Friday, April 20, 2018

Red, Blue, and Yellow

     Today was a super exciting day, even though the weather was wonky. I wore two layers of pants, 3 layers up top, mittens, and a winter hat -- not your typical attire for April 20th, more like February 20th.
     I began the day at Green-Wood a few birds had been recorded there over the last few days that I was hoping to see and then I went to Prospect Park, for the same reason. I took a lot of pictures, so we'll just get on with it:
Like an over exposed becon-- target bird #1 was found in moments of arriving to Green-Wood.
Summer Tanager.

This bird must have overshot where it intended to go... we are North of its breeding range.
Migration is happening and this is the fun part, sometimes birds come in that over shot, got taken off course, and end up in other places. This bird's beak shows evidence that it may have been eating some fresh buds or leftover winterberries, but it was probably also going after insects that gathered in the sun.

A wind swept chipping sparrow.
At the Sylvan water I ran into some familiar faces (human ones) and as we sat and chatted the place was just swarming with birds. Many instances of birds taking a quick turn before flying into you. For us this was perfect, for those with a bird phobia, this was a Hitchcock movie.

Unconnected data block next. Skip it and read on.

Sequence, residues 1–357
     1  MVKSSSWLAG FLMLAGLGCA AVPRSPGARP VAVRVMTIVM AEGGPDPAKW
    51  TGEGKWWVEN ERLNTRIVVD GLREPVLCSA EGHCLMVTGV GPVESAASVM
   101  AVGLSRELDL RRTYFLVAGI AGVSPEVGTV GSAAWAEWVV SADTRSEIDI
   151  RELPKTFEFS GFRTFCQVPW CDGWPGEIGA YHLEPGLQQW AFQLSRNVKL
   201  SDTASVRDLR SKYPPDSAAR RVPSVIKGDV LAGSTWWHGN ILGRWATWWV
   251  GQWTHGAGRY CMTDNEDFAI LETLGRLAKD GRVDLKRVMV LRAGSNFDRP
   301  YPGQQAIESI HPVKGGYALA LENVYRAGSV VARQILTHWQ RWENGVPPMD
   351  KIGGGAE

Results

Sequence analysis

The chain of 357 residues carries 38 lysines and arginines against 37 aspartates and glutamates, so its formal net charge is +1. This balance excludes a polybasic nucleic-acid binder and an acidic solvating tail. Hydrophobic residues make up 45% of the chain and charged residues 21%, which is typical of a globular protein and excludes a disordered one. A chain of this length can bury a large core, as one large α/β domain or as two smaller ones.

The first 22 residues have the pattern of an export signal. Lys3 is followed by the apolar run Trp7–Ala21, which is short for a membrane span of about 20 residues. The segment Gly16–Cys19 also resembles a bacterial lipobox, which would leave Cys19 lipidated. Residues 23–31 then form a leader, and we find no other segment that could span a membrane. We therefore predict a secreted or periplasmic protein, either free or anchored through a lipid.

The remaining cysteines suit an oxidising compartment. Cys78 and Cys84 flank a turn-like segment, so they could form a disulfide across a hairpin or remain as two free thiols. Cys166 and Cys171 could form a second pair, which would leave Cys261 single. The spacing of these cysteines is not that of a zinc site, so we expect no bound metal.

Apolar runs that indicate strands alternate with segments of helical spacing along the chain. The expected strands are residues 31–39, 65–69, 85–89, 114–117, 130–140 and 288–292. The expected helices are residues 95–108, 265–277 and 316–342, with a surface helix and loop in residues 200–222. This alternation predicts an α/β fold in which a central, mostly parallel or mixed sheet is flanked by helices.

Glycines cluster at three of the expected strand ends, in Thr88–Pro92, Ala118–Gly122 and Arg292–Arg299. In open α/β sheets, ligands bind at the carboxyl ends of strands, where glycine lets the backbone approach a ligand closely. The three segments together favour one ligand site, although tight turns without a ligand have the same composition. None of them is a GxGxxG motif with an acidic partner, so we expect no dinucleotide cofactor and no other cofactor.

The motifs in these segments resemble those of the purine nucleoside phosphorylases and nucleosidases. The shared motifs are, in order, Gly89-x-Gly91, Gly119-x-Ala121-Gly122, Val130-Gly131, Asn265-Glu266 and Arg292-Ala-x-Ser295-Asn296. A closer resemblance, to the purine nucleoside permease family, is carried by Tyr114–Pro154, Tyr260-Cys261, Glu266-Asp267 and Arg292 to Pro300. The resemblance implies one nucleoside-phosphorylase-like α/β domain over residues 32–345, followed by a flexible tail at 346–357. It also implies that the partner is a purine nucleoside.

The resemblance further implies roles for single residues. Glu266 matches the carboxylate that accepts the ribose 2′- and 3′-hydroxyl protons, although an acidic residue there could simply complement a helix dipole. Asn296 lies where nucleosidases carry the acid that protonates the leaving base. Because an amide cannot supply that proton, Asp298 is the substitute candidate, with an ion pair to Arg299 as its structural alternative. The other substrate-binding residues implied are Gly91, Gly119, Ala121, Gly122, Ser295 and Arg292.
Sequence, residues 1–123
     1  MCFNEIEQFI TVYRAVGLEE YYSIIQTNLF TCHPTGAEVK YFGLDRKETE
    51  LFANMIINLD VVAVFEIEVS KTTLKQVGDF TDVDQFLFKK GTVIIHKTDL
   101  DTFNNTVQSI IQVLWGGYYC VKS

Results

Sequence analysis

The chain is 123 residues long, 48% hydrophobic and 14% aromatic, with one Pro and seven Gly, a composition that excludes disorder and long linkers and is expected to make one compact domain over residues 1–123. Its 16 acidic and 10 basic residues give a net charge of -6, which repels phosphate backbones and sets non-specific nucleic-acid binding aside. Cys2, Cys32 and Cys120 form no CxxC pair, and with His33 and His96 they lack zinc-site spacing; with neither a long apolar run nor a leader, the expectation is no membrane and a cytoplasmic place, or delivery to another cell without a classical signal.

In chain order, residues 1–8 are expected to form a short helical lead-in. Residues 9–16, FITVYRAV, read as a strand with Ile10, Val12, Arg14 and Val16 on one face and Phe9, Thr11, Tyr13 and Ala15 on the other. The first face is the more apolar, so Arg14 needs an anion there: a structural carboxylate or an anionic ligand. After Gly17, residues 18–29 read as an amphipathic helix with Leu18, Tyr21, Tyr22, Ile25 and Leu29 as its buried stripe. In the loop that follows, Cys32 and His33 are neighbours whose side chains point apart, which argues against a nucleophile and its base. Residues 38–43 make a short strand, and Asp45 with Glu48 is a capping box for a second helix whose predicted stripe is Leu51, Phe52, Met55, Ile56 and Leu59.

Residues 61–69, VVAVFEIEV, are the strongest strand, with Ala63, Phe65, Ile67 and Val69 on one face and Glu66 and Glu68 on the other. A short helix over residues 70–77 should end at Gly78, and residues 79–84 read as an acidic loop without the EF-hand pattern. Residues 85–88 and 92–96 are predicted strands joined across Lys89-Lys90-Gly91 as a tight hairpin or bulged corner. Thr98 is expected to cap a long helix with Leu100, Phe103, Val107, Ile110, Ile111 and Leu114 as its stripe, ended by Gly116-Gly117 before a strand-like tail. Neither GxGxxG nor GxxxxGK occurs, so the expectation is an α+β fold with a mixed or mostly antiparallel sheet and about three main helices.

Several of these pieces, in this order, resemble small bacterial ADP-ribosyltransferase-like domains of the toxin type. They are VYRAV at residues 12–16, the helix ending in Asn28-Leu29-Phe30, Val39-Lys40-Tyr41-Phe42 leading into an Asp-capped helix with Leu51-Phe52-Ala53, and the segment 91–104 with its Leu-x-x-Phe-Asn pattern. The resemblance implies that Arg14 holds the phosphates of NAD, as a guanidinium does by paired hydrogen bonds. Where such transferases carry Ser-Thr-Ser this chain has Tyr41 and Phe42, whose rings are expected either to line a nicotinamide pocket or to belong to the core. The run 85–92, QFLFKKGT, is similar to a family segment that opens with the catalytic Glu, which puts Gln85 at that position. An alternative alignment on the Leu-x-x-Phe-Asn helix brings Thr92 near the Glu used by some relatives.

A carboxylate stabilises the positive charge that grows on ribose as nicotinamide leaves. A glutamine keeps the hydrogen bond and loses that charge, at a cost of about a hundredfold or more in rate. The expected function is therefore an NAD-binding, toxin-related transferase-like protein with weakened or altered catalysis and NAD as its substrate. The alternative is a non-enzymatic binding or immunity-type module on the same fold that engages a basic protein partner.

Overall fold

A nice sight to be had in Brooklyn, a Blue Grosbeak.
Target bird #2.

This one is a nicer blue than the one last year in Prospect Park- very handsome!

Blue in nature is an amazing color, this bird must be outlandish in the ultraviolet spectrum.

And while we stood and chatted birds, an early Swainson's Thrush walked by.

Prepare yourself for birds in Cherry Trees....
Up first, a handsome yellow-rumped warbler.

The yellow-rumped's look super great right now in their breeding plumage.

There was a 4th-- a small group of great blue herons flying through and over the Sylvan water.

A Palm Warbler wants you to look at him...

So does this Indigo Bunting.
Target Bird #3.

And so does this red-eyed vireo... 

You best be looking.

Indigo bunting finds a new perch for you to better look at him.

The vireo and bunting are normal birds to see here, but they are early. Did they catch the worm? Probably not- they don't really eat worms.

Also an early bird (that also doesn't eat worms), an Eastern Kingbird. 1 or two hanging out at Sylvan water.

... And in case you were wondering, their eyes really are red.
Red-eyed Vireo.

My friend Marc and I walked to the Dell Water, heard lots of singing and beautiful house finches. Both male and females. This one is a male.

A regular Romeo...

Some of the house finches were so brilliant they had us questioning if they were house finches. But alas, they are.

Palm warbler is still making sure you are looking at him!
But for real, if you are into blooming trees, you should go to Green-Wood, things are just coming into or are at full bloom. The magnolias are nearly there, the cherries look great and some of the smaller fruit trees have beautiful, vivid buds on them.